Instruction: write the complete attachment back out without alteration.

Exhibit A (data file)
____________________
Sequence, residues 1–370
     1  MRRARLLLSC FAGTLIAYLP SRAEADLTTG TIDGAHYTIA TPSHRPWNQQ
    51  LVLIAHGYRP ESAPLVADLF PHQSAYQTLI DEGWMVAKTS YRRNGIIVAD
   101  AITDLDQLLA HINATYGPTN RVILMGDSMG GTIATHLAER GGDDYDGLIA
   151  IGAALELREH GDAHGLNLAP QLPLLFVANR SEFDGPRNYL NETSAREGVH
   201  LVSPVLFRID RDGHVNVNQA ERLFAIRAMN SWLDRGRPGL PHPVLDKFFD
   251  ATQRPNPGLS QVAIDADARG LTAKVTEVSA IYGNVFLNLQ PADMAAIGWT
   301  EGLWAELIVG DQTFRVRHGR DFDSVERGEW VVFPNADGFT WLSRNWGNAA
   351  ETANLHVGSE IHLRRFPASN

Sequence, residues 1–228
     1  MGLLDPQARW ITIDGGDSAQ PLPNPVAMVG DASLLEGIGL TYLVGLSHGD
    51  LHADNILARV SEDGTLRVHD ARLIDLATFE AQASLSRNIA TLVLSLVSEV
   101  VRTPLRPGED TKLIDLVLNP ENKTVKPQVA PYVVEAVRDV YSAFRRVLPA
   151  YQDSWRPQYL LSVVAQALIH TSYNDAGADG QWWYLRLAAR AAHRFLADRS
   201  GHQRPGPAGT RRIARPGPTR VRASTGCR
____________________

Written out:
Sequence, residues 1–370
     1  MRRARLLLSC FAGTLIAYLP SRAEADLTTG TIDGAHYTIA TPSHRPWNQQ
    51  LVLIAHGYRP ESAPLVADLF PHQSAYQTLI DEGWMVAKTS YRRNGIIVAD
   101  AITDLDQLLA HINATYGPTN RVILMGDSMG GTIATHLAER GGDDYDGLIA
   151  IGAALELREH GDAHGLNLAP QLPLLFVANR SEFDGPRNYL NETSAREGVH
   201  LVSPVLFRID RDGHVNVNQA ERLFAIRAMN SWLDRGRPGL PHPVLDKFFD
   251  ATQRPNPGLS QVAIDADARG LTAKVTEVSA IYGNVFLNLQ PADMAAIGWT
   301  EGLWAELIVG DQTFRVRHGR DFDSVERGEW VVFPNADGFT WLSRNWGNAA
   351  ETANLHVGSE IHLRRFPASN

Sequence, residues 1–228
     1  MGLLDPQARW ITIDGGDSAQ PLPNPVAMVG DASLLEGIGL TYLVGLSHGD
    51  LHADNILARV SEDGTLRVHD ARLIDLATFE AQASLSRNIA TLVLSLVSEV
   101  VRTPLRPGED TKLIDLVLNP ENKTVKPQVA PYVVEAVRDV YSAFRRVLPA
   151  YQDSWRPQYL LSVVAQALIH TSYNDAGADG QWWYLRLAAR AAHRFLADRS
   201  GHQRPGPAGT RRIARPGPTR VRASTGCR